This year at the Top Gun Invitational, the competition was unmatched and the stakes were even higher. This is one of the top showcase events in the country and players from around the country came to Kansas City to compete to win the coveted title of TGI Champion. The hundreds of teams and players competing in this event competed hard but Maya Johnson had her own set of struggles she was bringing with her into this tournament.

Maya Johnson of the 18u Pennsylvania Strikers was diagnosed her sophomore year of high school with a chronic autoimmune disease called Lupus, a rare inflammatory disease that affects mostly the skin, joints, kidneys, and other organs of a person’s body. After a diagnosis such as this one coming at such a young age, it’s easy to understand the uncertainty that follows. “My immediate thoughts were, how am I going to manage this [softball]?” says Johnson. Especially leading into the most crucial recruiting time for girls her age. 

Maya had to make many decisions about her diagnosis and the next steps she would be making. None of which came easy. She struggled to decide if she should tell 

college coaches about her diagnosis or wait until after she was recruited. would she even be recruited? Could she even continue to play softball anymore? “It’s so demanding at the next level, physically,” added Johnson.

The sport of softball is physically demanding, especially in the hot temperatures that Kansas City reached this week during the tournament, Maya made it a priority to play. Shortly before we spoke to Maya at the Top Gun Invitational, Maya had an episode triggered by her Lupus. She had begun to get overheated during the game and passed out in the dugout. This is just one of the symptoms she experiences regularly.. Sometimes she does not handle the heat as well so she and her teammates always have ice in the dugout ready to put on her neck or wrists to cool her down as quickly as possible and get back to what she loves doing the most, playing softball. She has to know when to push herself and when to pull back.  With ice still on her neck from her earlier episode, her coach came up to her to tell her that she cares more about her as a person than a player, which Maya said is something her coaches and teammates tell her often when her struggles with Lupus hit her hard  while playing.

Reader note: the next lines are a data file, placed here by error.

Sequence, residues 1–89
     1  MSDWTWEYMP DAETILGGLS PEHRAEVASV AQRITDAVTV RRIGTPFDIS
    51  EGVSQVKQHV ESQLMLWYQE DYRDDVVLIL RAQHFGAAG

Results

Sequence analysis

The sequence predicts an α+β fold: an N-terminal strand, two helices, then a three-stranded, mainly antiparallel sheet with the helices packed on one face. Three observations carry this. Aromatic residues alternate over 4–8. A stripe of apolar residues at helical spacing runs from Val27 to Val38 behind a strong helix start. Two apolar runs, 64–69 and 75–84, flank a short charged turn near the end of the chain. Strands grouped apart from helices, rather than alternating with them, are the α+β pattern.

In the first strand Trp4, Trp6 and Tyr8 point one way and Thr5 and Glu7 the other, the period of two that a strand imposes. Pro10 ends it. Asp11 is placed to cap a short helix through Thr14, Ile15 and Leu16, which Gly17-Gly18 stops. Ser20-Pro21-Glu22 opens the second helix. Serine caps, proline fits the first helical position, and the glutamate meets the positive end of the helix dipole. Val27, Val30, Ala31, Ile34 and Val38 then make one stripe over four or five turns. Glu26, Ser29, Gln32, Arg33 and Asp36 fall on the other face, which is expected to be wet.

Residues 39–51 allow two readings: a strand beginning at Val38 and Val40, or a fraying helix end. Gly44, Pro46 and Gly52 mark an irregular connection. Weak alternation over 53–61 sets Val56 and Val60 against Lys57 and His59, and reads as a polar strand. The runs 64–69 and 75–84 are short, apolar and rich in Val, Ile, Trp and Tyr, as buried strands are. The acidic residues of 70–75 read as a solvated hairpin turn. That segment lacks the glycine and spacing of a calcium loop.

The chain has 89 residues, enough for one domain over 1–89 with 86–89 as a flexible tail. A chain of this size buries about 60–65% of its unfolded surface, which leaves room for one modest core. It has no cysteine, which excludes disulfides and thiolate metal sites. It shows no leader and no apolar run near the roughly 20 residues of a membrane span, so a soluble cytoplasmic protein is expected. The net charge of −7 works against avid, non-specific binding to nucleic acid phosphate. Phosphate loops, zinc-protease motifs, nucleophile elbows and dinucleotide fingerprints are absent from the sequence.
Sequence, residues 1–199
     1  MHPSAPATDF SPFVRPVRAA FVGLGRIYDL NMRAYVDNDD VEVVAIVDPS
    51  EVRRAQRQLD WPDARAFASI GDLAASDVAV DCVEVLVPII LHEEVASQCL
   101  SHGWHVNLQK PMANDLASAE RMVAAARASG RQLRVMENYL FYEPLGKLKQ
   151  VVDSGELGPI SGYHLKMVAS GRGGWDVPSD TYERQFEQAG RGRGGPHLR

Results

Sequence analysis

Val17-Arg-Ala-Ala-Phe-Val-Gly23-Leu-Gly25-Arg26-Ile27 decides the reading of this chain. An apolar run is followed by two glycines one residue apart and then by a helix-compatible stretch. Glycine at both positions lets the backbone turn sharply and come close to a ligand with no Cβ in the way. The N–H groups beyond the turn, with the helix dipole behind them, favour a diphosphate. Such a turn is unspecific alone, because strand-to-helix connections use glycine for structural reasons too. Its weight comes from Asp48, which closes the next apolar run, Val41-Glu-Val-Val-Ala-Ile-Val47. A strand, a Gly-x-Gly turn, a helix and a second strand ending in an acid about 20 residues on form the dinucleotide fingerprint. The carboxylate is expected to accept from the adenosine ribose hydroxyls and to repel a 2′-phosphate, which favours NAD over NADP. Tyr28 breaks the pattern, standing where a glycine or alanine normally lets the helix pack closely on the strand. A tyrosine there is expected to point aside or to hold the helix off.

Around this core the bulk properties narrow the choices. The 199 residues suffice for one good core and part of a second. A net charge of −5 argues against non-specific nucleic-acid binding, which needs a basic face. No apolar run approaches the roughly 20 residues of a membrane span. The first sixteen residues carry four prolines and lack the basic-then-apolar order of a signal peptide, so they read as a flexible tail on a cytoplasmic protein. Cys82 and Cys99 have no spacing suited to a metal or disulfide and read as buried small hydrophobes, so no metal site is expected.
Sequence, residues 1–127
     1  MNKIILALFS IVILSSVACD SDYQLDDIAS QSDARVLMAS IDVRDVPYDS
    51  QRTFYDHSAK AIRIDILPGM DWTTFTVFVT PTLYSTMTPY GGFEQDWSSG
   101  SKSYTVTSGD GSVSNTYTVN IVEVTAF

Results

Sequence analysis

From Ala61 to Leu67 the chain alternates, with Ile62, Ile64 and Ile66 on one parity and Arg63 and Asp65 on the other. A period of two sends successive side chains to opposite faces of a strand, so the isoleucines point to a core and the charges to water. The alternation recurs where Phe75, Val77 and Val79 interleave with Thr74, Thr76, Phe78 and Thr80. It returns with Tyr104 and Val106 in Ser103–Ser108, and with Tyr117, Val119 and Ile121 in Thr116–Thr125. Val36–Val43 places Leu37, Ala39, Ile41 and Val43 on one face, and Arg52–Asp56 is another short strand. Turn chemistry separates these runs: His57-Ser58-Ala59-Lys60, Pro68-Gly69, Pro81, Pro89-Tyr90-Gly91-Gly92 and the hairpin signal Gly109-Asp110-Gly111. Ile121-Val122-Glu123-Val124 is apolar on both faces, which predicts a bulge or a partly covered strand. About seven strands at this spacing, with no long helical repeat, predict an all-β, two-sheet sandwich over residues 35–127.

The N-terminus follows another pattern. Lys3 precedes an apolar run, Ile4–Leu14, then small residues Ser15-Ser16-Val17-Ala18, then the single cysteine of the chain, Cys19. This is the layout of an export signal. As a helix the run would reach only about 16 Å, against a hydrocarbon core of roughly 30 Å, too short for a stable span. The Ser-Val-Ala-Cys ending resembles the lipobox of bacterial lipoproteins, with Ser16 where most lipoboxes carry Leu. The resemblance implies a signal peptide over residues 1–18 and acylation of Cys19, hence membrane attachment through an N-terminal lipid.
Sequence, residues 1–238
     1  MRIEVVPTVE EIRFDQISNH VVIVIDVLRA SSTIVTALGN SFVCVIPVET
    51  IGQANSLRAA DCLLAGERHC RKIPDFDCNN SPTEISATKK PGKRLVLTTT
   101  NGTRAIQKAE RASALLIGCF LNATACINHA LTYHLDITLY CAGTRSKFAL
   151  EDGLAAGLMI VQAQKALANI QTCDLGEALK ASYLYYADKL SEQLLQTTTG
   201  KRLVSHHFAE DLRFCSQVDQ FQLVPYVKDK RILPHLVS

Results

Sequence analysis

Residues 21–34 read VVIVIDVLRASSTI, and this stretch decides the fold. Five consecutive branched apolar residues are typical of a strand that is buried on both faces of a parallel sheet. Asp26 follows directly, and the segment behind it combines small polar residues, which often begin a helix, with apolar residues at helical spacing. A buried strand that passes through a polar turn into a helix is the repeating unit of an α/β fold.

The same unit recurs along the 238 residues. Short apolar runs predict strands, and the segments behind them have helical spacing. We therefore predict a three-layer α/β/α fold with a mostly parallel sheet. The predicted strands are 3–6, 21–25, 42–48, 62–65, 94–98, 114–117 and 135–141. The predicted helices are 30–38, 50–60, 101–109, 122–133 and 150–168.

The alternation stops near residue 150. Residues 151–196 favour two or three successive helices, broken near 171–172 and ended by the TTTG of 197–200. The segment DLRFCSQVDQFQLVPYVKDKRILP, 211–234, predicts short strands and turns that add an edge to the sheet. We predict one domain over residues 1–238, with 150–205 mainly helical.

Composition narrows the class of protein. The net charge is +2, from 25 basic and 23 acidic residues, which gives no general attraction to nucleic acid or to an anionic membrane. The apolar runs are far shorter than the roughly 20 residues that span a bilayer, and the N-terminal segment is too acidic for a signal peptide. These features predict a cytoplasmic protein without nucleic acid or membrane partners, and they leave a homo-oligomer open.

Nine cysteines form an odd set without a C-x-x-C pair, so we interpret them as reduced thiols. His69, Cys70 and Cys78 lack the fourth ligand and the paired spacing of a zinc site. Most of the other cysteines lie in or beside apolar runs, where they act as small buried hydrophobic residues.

“If I am pushing myself too hard then I’m just going to tear my body down more and I’m going to be even less effective,” Maya said about learning how to balance her conditioning and play within her rest periods. The coaches around Maya have been supportive of her and how she can play and push herself throughout this learning process. At the beginning of her journey with Lupus, she tried to hide the pain she was feeling to show she was still strong and nothing was different. She did not want to be seen as a weaker player, but now that her teammates and coaches know what she goes through on a daily basis, off of the field, she finds comfort knowing they are constantly looking out for her and have her back if she needs to step out for a moment and focus on her health first. 

With the extra “hurdle” of Lupus, as Maya called it, she felt different from the other women on her team and alone when she was first diagnosed. Though she had been diagnosed with a serious chronic illness, she never let it stop her. Now she doesn’t feel different at all, she  knows she has some extra steps she has to take, like icing her neck when needed and taking medicine before she goes on the field. 

“It’s not something I see that makes me different from everybody else, it’s just an extra step needed to prepare before I go into games. Some girls listen to meditations, I take my meds before I play.” 

Maya continues to have a positive outlook on her diagnosis and tries to work harder than everyone else to keep up with those not dealing with a chronic autoimmune disease. She has chosen to work on all aspects of her game, especially the mental side, to make sure she is doing all she can when she physically cannot do what everyone else is doing, whether that be in the weightroom or on the field. 

Her mental health has been an emotional rollercoaster during the first two years post-diagnosis. In the beginning, Maya said her mental health struggled because she had something no one could see but she could feel constantly. Now Maya knows she can do hard tasks, and the hard plays she makes in the games she says are easy compared to the things she does everyday in life.

“Don’t let it stop you” is the word of advice Maya has for others with chronic illnesses who want to play sports. She recommends finding doctors, coaches and teammates that will support the goals and aspirations of those just like her. She says that people can play any sport they want to with a supportive crowd around them like she is lucky enough to have found. She knows her doctors want her healthy and her coaches want her to play, so she is finding a balance as she suggests others do. 

Maya’s spirit is contagious for all of those around her and she says that the positive energy within her is made possible with the help of her teammates. Even in a scary moment or a serious situation, she knows she always ends up back on the field doing what she loves. She said, “No matter the situation, I know it will always pass.”


Maya has committed to play Division 1 softball at University of Pittsburgh and continue her education there. She is a left handed pitcher with over 700 career strikeouts and almost 300 of those from this season. She was awarded the title of Cuyahoga County Ohio 2021 pitcher of the year and District Champion for her high school. Maya has an extraordinary future ahead of her and the Top Gun Invitational was lucky to have her and her team in Kansas City.